You’d think with all the repression they face, the queer elders would be bitter, but, although the grief and trauma can be scalding, they remain dearly devoted to their homeland. They are proud Cubans, and lovers of the Revolution. But as people say over and over again in this film, revolution is eternal, it is continual, it is personal, it is one’s duty to work for the society they want to live in. For the Cuban queers in this film, Revolution wasn’t something that happened, it is something that is happening, it is how Cuba happens, with the daily decision of ordinary Cubans to strive to make the society they want to see, and they are working to make it a queer-inclusive society.

That outlook has a strong influence on how they view Cuban emigres, especially queers who fled persecution. You would expect that no one could understand more why you left than someone who suffered the same oppression alongside you, but there is a tinge of bitterness when talking about them. Because it is not viewed as some academic issue of loyalty to a nation state, but a very real and tangible sense of personal betrayal, that the community here was fighting for their rights, fighting for their very survival, and some people up and bailed. This is not on some intellectual level of political discourse, but a real heartfelt sense of being abandoned by friends, people you knew and were close to you, who knew just as well as you how bad it could get, and instead of staying in the fight and working to make things better, fucked off to somewhere where someone else had done all that work, so they could enjoy what they’d built there.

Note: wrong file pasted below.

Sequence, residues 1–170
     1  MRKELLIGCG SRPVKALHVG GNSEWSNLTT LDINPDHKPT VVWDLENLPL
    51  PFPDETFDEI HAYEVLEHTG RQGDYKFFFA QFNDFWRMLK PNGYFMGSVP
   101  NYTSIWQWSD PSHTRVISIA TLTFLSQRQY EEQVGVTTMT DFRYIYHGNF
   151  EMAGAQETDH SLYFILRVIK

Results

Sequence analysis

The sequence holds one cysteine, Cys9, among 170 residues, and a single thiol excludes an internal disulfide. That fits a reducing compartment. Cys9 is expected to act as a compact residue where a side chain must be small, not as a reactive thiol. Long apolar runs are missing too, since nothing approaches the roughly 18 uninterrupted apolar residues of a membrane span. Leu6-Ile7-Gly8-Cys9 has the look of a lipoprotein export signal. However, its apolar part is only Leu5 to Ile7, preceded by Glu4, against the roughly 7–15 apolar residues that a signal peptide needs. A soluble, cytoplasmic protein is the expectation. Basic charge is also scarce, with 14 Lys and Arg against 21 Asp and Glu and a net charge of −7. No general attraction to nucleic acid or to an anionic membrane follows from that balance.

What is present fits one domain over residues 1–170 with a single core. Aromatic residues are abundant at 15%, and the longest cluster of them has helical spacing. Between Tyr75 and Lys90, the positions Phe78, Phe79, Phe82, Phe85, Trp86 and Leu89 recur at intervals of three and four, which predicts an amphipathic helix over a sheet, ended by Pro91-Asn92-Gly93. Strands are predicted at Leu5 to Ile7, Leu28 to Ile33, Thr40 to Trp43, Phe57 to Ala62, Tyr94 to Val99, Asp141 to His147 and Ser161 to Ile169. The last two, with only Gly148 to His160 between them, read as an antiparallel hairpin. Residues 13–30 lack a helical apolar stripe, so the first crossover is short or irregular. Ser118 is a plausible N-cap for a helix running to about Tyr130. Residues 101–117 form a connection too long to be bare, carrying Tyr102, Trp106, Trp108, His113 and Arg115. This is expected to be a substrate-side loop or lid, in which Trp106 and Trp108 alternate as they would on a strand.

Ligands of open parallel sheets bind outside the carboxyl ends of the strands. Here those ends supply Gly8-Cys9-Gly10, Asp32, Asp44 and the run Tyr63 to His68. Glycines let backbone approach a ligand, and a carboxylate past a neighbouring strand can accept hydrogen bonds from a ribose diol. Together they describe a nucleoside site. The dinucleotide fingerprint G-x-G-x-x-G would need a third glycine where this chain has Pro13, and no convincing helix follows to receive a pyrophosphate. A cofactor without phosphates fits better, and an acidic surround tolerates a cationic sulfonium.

Still, if it was me, if my country locked me up for my sexuality, I might just say, Fuck this for a game of sodgies, I’m awa. For the queer elders in the film, it’s seen as cowardly, taking the easy way out. Personally, I think it’s a more than understandable choice to make.

There are so many personal stories in this. The people of Mejunje are so open, so raw. This is not a film that pulls its punches, showing the bad along with the good, and the trauma as well as the healing.

(Spoilers for the end of the film, maybe stop here if you’re already convinced to watch the movie.)

The film finishes on drag queen Crystal, on stage at Mejunje, talking about when they experienced a homophobic attack. A guy rushed Crystal and stabbed her half a dozen times in the neck and chest. She had to have 47 surgeries. She had over 200 stitches in her neck, and she thought that was the end of her singing, the end of her drag career, the end of her even being able to speak. And here she is now, back on stage, singing out and speaking up in her own voice, a survivor. And there she is, in her fancy outfit, her hairdo, and bling, and she starts to sing My Way. It’s a song which in recent years has been all too often co-opted by arseholes and narcissists (see Undergods as an example), but this is it delivered in the best spirit of the song. And as she sings, she takes off her rings, one by one, and drops her shrug. As the chorus swells she pulls the padding from her bra, and tugs off her wig. And as song hits its crescendo, she pulls down her top to reveal her torso covered in scars, the scars that were meant to stop her, the scars that could never stop her, as she stands before the audience shorn, naked, and vulnerable, and sings, “I did it MY WAY!”

Chills, tears and applause rippled through the audience in the cinema. It was an ending that just hit you full force in the chest. Such a great film.